UCL Department of Space and Climate Physics



Charge coupled device CCDs for Euclid, the mission to understand dark matter and dark energy. Proposed 2020


2 August 2020

Euclid CCD273 is a charge coupled device (CCD) used in a 6 x 6 detector focal plane of the VISible imaging instrument VIS on board of the Euclid telescope. The CCD273-84 sensors have been designed and manufactured exclusively for Euclid by Teledyne- e2v technologies. The sensors are designed to provide a maximum charge transfer efficiency (CTE) to minimize distortions to source shapes. Each sensor undergoes a rigorous on-ground electro-optical testing at MSSL at several stages of the mission to ensure that strict requirements are met before the launch of the spacecraft.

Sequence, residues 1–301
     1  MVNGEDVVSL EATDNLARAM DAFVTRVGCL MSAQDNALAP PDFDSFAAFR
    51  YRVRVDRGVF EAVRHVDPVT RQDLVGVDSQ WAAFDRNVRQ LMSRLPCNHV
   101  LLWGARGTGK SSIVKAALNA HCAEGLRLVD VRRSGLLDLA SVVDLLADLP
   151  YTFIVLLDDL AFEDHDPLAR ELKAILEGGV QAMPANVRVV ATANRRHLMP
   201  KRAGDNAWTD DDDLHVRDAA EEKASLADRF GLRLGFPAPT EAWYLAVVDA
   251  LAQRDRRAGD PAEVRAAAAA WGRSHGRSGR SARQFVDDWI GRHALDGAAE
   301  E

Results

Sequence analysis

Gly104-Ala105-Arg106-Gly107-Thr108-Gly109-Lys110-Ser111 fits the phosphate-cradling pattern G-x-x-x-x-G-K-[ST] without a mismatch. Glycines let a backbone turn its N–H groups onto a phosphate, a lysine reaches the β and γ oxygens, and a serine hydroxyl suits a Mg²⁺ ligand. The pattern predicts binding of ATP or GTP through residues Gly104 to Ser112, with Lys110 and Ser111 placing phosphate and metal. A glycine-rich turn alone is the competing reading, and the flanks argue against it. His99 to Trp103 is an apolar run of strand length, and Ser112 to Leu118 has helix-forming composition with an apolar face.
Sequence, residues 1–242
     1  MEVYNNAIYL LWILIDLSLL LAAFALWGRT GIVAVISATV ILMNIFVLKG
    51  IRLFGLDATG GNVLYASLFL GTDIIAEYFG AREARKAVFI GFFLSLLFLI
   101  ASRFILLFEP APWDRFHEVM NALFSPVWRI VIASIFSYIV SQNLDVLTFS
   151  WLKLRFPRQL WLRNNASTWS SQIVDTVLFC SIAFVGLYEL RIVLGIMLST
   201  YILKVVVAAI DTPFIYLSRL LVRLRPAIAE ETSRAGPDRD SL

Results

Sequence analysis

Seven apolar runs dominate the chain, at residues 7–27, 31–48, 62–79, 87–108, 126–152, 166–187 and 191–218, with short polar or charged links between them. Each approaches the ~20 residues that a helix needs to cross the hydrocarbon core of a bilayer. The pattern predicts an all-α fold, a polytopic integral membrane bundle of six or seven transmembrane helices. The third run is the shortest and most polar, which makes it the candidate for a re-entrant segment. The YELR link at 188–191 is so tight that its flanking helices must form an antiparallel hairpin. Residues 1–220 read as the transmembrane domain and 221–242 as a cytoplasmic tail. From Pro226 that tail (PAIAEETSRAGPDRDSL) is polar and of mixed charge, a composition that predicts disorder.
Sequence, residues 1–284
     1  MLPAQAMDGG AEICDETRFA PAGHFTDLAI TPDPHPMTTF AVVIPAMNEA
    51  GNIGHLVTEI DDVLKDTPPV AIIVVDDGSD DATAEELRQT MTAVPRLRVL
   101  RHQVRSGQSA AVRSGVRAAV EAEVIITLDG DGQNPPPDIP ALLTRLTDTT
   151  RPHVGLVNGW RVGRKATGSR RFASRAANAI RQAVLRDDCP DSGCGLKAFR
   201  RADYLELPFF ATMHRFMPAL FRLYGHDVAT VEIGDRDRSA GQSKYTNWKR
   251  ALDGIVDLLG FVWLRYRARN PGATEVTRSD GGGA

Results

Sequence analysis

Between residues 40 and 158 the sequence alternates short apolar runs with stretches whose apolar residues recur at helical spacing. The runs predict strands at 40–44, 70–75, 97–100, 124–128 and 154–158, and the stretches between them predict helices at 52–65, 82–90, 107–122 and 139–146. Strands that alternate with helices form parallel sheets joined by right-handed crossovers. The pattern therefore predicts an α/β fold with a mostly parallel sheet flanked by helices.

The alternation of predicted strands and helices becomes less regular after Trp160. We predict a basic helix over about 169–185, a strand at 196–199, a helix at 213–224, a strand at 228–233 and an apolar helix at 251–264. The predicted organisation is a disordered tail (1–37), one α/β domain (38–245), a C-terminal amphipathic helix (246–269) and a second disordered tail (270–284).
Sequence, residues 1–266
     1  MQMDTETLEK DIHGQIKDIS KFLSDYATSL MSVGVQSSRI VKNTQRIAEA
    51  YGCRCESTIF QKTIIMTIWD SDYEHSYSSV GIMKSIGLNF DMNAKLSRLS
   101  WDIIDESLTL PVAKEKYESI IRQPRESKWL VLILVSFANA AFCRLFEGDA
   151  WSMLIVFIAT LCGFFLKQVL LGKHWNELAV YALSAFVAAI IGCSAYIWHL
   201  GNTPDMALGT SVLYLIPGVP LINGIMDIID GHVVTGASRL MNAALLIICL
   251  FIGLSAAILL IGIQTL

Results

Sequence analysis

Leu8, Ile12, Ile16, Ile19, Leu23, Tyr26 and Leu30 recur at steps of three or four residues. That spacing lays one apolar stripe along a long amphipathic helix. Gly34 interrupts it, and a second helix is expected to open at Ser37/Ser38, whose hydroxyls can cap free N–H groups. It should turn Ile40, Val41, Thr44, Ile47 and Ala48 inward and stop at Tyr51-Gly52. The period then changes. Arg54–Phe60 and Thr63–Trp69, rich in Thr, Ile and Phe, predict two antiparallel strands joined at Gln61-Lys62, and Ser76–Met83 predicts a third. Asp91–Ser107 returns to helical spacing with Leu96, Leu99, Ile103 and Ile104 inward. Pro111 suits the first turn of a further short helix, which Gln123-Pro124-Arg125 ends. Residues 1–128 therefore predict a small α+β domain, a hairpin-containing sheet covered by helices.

Euclid is an ESA mission to map the geometry of the dark Universe. The mission will investigate the distance-redshift relationship and the evolution of cosmic structures by measuring shapes and redshifts of galaxies and clusters of galaxies out to redshifts ~2, or equivalently to a look-back time of 10 billion years. In this way, Euclid will cover the entire period over which dark energy played a significant role in accelerating the expansion.

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ESA’s Euclid mission, to be launched in 2020, is set to provide a unique window into the evolution of our 13.8 billion year-old Universe. It will map the history of the Universe’s structure by studying billions of galaxies. In this way, it will be able to probe the nature of invisible dark matter, which makes itself known by the forces it exerts on ordinary matter, and the mysterious dark energy that drives the accelerating expansion of the Universe.